Above is an excerpt from the audiobook version of my new book, Considerations. That’s me doing the narration.
The text version can be found here.
It’s amazing what we can get for twenty dollars these days. Sure, it sometimes seems like inflation just won’t quit, and the costs of living add up to a frightening sum, and a pack of gum could once be had for less than a dollar, but now costs several.
But this is mostly a slow-burn perspective; difficult to see clearly because it moves so steadily.
Our buying power for most things (in the developed and developing worlds) has been on an upward trend for generations, and our lack of appreciation for this fact stems not from a dearth of wielded purchasing power, but from the lack of synchronicity between that power and our expectations of how much power we should possess, as explained and reinforced by marketing messages. Demand isn’t created for a product or service unless you keep people aspirational, so it’s in the best interest of many to keep us wanting more than we have.
Beyond this dollars-and-cents cost for things, there are other, less obvious expenses. Price tags that we don’t tend to see unless we look closely, but which are worth acknowledging nonetheless.
Opportunity cost, for example, is what we give up in favor of what we choose to buy/consume/spend our time with. When I purchase a phone, for instance, the opportunity cost is every other phone on the market, and the possibility of not having a phone, and the software/networks/brand associations of those other phones and lifestyles. The cost of my phone, then, is not just the number on the click-to-buy button.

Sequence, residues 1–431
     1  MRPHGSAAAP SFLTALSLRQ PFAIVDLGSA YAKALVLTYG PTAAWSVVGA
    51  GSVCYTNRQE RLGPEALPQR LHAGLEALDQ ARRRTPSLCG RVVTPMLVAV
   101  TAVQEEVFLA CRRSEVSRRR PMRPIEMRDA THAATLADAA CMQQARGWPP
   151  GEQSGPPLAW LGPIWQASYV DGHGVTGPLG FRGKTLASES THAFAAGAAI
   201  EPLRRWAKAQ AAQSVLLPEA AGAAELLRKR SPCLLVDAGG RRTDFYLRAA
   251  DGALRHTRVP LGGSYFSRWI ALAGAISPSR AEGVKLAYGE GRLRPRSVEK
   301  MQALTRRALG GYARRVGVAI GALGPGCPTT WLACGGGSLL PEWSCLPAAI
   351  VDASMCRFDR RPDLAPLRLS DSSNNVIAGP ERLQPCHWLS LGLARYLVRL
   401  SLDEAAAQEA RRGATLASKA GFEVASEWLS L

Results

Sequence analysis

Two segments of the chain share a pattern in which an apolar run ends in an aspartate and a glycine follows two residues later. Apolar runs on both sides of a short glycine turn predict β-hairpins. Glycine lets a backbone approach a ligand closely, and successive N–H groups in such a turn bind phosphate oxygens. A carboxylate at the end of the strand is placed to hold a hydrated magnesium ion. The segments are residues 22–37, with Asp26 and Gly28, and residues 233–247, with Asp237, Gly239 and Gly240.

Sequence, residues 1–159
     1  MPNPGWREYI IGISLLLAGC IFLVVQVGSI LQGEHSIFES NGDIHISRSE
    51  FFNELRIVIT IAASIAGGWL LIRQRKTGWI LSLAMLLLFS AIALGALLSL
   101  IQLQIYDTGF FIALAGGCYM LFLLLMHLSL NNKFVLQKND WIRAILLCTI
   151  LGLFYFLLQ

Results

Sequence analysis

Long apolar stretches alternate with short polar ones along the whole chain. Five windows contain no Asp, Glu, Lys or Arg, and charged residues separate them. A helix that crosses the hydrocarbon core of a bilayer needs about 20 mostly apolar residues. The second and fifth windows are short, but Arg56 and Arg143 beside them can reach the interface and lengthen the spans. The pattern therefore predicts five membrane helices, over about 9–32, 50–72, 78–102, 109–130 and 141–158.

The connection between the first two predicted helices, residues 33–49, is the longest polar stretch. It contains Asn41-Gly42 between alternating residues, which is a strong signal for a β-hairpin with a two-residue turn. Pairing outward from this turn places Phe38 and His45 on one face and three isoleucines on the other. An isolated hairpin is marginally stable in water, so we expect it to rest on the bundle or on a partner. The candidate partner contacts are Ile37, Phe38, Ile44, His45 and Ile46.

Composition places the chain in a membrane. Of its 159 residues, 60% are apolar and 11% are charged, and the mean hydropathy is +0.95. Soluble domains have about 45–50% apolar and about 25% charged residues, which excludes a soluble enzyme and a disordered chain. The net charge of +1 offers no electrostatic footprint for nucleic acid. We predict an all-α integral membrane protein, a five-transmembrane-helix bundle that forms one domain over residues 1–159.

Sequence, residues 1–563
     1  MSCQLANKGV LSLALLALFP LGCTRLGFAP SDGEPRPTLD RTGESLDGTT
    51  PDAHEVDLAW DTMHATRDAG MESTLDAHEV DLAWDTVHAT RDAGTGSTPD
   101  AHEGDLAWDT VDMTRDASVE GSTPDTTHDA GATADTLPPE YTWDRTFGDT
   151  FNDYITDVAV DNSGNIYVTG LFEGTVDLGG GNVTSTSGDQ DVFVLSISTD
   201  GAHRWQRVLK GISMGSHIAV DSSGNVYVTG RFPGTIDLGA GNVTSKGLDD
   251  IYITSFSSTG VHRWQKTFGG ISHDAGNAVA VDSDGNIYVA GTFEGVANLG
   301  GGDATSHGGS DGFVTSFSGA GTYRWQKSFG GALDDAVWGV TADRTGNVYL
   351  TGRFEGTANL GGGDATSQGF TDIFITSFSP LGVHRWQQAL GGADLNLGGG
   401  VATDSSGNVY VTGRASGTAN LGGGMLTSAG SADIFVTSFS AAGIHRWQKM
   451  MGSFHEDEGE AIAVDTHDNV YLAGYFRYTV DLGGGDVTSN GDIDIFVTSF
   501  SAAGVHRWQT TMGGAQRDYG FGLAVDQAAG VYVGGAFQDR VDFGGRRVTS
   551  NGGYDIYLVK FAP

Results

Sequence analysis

There’s also long-term monetary cost, which includes things like recurring payments and debt; not just for the item in question, but for interest accrued on other debt that you could have paid off instead of making your purchase (if I buy a phone instead of paying off debt, the cost of that phone goes up because of the extra debt accrued through my non-payment).
Or how about the resource and sustainability cost of our purchases? Smartphones are the end-result of a massive supply chain connecting all the components of the device, allowing them to be constructed by machines and people who must be paid and fed and housed and (in the case of the machines) maintained. These supply chains stretch far and wide, encompassing mines and roads and caravans of trucks and back-channel deals with politicians. This includes the technologies required to work with the materials and mold them into useful shapes, which makes use of scientific knowledge that’s been conceived and refined over many centuries — with the most core knowledge tracing back to the beginning of humankind, and the most small and specific going back only years or months. This all coalesces into something incredibly intuitive and valuable (aided by the millions of manpower hours that have gone into developing the software) and yet so common as to be barely noticeable.
Every single thing we buy has a price, and that price is typically far larger than we think while swiping our cards at the checkout terminal or one-click shopping online. This doesn’t make our purchases inherently harmful or wrong: if anything, it makes them all the more impressive for the chain of people and events and resources that have been linked up to make the end product available for common consumption!
But it’s valuable to understand that the simple act of buying a phone — or anything — has repercussions beyond the passive ‘buy and move on’ mentality we often adopt when procuring a new possession.
We consider how something will improve our lives, make us feel, improve the perception others have of us (and the perception we have of ourselves), and myriad other variables associated with the capitalistic exchange of value. It only seems prudent that we consider the bigger picture, the true cost of things, as well.